Turkish Vice President Fuat Oktay will visit the breakaway Turkish Republic of Northern Cyprus (TRNC) this week for the 48th anniversary of the Turkish invasion of the Mediterranean island.
Turkish Cypriot press reports two weeks ago said President Recep Tayyip Erdoğan would attend the celebrations. His plans were cancelled due to a visit to Iran, the Kıbrıs Postası newspaper reported on July 8.
Cyprus has been divided since a July 20,1974 Turkish military intervention in response to a brief Greek Cypriot coup aimed at uniting the Mediterranean island with Greece.
Turkey justified the invasion by citing its rights to protect Turkish Cypriots. But the island has remained divided between the internationally recognised Republic of Cyprus, and the TRNC, which is only recognised as a state by Turkey. The Greek Cypriot-governed Republic of Cyprus controls the southern two-thirds of the island, and the TRNC, where Turkey still keeps about 30,000 troops, the northern third.
Oktay’s visit will start late on Tuesday, Kıbrıs Postası said. The details of his programme have not been revealed yet, it said.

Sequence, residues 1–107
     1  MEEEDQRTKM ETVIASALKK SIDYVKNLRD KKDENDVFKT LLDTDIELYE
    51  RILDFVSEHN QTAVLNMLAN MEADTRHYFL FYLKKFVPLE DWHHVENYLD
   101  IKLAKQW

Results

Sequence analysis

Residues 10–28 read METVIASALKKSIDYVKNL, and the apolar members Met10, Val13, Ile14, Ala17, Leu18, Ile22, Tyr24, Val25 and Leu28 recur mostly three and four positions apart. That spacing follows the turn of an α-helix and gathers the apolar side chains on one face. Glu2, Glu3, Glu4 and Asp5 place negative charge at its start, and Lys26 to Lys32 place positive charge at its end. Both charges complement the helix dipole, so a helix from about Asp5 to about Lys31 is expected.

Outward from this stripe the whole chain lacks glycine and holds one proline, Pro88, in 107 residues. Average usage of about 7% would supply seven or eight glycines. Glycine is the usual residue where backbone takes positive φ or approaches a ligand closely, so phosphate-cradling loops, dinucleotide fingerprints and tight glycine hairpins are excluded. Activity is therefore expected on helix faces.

Some social media pundits and journalists had suggested that Erdoğan may use his planned visit to Cyprus to announce the annexing by Turkey of the TRNC.
Numerous diplomatic efforts to reunify Cyprus under a federal model, supported by the United Nations, have failed and Turkey and the TRNC government are now calling for a two-state solution.
Cypriot leaders and representatives of Turkey, Greece and the United Kingdom – the three guarantor powers of the island – had held informal talks in Geneva in April last year to seek common ground for the re-opening of formal negotiations on possible reunification.
No agreement was reached after the Turkish Cypriot side, backed by Turkey, called for the two-state solution. The Greek Cypriot side and Greece insist on a bizonal, bicommunal federation, citing U.N. resolutions on Cyprus.